• It was English philosopher Francis Bacon who made the following sage observation: “The root of all superstition is that men observe when a thing hits, but not when it misses.”
• I’m sure you’ve seen photos of those picturesque covered bridges. It seems that they would have provided a welcome haven for people driving buggies caught out in the rain. You may be surprised to learn, though, that the bridges weren’t designed with a roof for the comfort of travelers. Being made of wood in an era before protective sealants, the bridges themselves needed to be protected from the elements.
• Most frogs lay their eggs in the water; that way, when the tadpoles hatch they are already in their element. The red-eyed tree frog, however, protects its eggs from aquatic predators by attaching its eggs to the underside of leaves that hang out over a body of water. Once the eggs hatch, the tadpoles fall into the water.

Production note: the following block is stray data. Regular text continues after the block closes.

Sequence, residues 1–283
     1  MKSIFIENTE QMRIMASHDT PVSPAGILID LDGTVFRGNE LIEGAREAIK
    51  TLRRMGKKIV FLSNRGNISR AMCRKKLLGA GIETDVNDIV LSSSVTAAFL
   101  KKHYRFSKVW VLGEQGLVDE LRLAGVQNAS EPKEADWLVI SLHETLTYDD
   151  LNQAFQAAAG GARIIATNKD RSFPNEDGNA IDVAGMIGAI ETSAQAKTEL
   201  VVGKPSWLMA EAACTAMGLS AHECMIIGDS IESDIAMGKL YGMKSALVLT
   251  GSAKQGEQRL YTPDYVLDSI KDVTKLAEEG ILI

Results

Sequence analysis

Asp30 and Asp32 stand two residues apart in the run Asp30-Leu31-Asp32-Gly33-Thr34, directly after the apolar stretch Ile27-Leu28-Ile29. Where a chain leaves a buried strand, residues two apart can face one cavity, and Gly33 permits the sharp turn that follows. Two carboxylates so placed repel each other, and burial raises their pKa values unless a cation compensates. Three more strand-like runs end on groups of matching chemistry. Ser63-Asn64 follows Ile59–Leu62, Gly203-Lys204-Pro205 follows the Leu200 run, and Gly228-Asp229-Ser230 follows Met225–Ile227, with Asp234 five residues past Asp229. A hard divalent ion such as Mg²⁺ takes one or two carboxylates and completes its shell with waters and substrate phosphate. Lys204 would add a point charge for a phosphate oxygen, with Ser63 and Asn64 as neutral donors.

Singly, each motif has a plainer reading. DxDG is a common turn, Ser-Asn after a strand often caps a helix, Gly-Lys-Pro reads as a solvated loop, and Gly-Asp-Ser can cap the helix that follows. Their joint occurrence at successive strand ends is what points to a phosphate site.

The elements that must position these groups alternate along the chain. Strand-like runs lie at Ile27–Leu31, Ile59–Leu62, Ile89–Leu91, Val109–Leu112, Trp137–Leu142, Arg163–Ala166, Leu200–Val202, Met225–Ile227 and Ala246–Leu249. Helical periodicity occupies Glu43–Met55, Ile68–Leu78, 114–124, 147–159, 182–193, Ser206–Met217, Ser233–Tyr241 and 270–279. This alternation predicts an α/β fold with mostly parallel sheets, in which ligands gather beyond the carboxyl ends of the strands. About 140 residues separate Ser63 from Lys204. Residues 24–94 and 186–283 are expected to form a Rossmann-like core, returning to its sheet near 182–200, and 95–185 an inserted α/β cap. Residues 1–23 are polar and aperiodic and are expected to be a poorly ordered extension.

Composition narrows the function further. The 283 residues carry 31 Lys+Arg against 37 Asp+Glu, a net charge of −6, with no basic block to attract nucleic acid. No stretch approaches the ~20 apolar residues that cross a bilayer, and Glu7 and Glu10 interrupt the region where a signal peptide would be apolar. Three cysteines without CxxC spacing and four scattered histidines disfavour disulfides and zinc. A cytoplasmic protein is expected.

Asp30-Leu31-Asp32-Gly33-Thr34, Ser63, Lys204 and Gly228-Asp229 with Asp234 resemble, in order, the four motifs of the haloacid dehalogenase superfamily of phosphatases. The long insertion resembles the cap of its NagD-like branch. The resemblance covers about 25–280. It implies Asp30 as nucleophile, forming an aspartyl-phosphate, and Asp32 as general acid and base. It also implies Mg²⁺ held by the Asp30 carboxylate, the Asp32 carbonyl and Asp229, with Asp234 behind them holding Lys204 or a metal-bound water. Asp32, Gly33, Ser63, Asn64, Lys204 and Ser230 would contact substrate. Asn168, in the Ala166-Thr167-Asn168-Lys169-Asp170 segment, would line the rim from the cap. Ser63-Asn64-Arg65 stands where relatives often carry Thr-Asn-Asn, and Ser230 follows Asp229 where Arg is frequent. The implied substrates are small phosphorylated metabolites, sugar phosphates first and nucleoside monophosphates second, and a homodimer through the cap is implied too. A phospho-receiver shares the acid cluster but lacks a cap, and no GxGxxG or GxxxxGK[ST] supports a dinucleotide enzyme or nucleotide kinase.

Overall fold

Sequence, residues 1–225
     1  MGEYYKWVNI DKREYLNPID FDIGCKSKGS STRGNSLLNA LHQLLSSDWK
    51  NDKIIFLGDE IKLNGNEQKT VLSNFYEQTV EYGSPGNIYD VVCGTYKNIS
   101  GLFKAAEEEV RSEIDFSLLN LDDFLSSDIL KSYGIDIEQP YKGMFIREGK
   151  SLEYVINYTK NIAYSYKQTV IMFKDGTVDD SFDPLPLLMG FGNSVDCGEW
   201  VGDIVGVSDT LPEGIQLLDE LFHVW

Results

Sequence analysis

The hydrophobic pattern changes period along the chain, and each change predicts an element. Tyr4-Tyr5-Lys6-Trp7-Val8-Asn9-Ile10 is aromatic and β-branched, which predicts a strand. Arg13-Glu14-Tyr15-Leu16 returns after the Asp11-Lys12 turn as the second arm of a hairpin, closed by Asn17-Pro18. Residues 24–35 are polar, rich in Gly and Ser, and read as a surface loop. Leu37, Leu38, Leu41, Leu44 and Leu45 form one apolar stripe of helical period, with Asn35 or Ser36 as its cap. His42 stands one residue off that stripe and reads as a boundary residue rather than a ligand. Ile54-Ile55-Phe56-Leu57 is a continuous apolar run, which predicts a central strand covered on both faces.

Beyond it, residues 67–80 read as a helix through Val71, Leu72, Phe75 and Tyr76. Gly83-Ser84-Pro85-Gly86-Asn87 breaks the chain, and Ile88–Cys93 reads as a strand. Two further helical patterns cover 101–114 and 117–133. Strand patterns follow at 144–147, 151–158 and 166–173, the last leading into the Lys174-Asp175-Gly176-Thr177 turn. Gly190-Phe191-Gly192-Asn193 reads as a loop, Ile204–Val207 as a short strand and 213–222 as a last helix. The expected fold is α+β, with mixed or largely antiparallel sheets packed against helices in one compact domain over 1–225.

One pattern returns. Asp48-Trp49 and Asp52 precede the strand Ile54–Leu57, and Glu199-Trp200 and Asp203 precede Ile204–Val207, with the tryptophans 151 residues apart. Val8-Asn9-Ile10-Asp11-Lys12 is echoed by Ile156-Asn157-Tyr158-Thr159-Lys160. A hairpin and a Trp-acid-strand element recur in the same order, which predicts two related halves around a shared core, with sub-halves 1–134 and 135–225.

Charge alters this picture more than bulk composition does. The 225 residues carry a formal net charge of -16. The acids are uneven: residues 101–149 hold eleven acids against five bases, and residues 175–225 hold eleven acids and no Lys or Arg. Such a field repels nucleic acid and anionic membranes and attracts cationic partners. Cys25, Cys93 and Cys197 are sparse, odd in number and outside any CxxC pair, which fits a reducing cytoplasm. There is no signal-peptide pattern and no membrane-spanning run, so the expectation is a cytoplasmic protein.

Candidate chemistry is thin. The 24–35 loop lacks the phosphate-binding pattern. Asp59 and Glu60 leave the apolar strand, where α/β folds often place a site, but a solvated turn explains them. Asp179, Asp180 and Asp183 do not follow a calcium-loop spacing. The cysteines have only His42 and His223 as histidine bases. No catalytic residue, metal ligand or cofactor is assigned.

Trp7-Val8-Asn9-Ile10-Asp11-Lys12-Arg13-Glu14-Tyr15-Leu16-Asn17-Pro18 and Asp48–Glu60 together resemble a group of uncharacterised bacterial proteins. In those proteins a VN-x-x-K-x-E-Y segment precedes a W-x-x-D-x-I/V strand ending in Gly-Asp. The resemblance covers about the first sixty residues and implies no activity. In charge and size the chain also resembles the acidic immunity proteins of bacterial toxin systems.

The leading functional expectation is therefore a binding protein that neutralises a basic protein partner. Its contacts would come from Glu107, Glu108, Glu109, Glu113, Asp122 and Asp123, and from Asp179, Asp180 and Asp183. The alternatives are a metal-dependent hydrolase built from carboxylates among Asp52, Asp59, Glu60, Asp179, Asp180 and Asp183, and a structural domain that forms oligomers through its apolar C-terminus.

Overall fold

• The next time you travel to the United Kingdom, if you visit the university towns of Cambridge or Oxford, you should keep off the grass. Professors are the only ones allowed to walk on most of the green swards in those towns.
• In ancient Rome, it was widely believed that holding in gas could cause a person to catch a disease or become poisoned. This was such a concern to public health that Emperor Claudius went so far as to pass a law making it legal to fart at banquets.
• Have you ever known someone who keeps making the same error over and over again despite being corrected? The next time you run into this person, you’ll know what to call him or her: a mumpsimus.
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Thought for Today: “I have no special talents. I am only passionately curious.” — Albert Einstein (c) 2012 King Features Synd.